Module 6: Technological Innovations to Improve Food Safety

Early Technologies

The practices of pasteurization and canning foods were both implemented as early as the 19th century. Canning was widely practiced to preserve food at this time, though 19th century methods were not standardized. This likely contributed to the global disease burden, as improper canning increases the risk of botulism, a paralytic disease resulting from ingesting the potent botulinum toxin produced by the bacterium Clostridium botulinumunder certain anaerobic conditions. Through sufficient heating (to kill the bacterium) and proper canning, canned foods should not contain botulinum toxin, and thus should not cause botulism.(1)

Pasteurization was similarly practiced beginning in the 1800s. Near the turn of the century, people began to realize that milk was the source of many infections, including typhoid fever, bovine tuberculosis, diphtheria, and streptococcus.(2) A method conceived by Louis Pasteur, pasteurization kills harmful bacteria through the application of heat.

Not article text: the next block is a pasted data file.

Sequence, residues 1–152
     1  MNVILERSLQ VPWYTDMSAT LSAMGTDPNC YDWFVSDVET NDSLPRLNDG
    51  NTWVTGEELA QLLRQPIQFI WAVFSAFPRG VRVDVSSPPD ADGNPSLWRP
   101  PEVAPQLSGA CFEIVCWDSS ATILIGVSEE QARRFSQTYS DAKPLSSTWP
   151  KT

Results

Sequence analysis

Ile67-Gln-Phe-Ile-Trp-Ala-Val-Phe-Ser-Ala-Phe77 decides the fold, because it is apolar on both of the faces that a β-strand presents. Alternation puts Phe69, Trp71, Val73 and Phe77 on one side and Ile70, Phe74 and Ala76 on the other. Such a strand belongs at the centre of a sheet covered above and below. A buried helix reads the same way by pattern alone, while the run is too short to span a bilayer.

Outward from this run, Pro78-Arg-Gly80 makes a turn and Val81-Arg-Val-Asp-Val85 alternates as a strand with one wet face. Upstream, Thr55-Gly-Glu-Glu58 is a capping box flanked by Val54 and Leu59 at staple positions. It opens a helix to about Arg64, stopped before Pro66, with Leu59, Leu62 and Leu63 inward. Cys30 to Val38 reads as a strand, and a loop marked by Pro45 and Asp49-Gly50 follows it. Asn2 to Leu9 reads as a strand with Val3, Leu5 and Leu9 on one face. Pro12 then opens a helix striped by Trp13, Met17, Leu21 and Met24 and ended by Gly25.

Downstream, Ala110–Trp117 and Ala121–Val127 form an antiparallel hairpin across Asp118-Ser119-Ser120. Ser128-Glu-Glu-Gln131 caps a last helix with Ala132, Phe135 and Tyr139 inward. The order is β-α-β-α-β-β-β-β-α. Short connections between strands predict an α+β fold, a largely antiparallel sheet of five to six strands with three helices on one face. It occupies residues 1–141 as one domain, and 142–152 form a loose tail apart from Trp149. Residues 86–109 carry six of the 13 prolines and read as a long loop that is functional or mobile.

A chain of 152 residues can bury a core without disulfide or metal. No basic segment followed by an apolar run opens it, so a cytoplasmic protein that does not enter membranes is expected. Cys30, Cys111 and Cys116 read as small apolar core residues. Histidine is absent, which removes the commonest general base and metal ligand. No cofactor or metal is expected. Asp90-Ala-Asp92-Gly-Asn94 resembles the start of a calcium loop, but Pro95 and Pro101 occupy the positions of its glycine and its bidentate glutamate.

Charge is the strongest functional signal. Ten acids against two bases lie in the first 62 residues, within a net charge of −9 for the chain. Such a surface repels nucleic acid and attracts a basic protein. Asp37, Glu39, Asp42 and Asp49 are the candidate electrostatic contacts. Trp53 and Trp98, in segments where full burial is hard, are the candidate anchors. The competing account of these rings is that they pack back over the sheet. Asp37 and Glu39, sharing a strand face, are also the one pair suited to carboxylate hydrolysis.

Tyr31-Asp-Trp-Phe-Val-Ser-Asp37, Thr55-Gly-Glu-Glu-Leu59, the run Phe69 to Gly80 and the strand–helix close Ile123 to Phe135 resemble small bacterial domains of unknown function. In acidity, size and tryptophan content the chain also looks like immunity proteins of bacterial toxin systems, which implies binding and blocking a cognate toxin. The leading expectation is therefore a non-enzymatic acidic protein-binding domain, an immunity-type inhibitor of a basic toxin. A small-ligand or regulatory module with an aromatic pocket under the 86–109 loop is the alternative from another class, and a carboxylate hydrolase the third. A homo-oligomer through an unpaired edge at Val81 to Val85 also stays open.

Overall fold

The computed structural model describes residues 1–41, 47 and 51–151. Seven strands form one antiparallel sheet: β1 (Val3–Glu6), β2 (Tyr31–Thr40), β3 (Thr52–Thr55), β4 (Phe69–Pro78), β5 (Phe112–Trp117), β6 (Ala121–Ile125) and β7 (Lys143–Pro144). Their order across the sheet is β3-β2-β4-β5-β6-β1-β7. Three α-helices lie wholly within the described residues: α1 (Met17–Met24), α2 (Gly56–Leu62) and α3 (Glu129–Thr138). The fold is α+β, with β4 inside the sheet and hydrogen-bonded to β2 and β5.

Recent Technological Innovations

Many different variations of pasteurization have been invented to treat a variety of foods. Steam pasteurization passed USDA approval for use on beef in 1995. In steam pasteurization, slaughtered (and washed and trimmed) beef carcasses are exposed to pressurized steam for 6 to 8 seconds, which raises the temperature of the carcass to 190-200°F.(3) High-pressure pasteurization (HPP) relies on ultra-high pressure (UHP) technology. Exposing foods (often in their final packages) to UHP water jets that apply a pressure of 87000 psi for up to 3 minutes destroys pathogens and microbes that spoil the food. This process does not affect the taste, appearance, or nutritional value of the food, nor does it compress the product.(4) UHP water jets can also be used to cut food, such as chicken, fish, and pizza. Cutting food using UHP water jets, instead of traditional knives, decreases the risk of cross-contamination between foods.(5)

Irradiation

Even with strict food production standards, there is no way to ensure that food is completely safe and free of all organisms. In fact, according to the FAO, there is significant evidence suggesting that no amount of washing will get rid certain produce of all organisms.(6)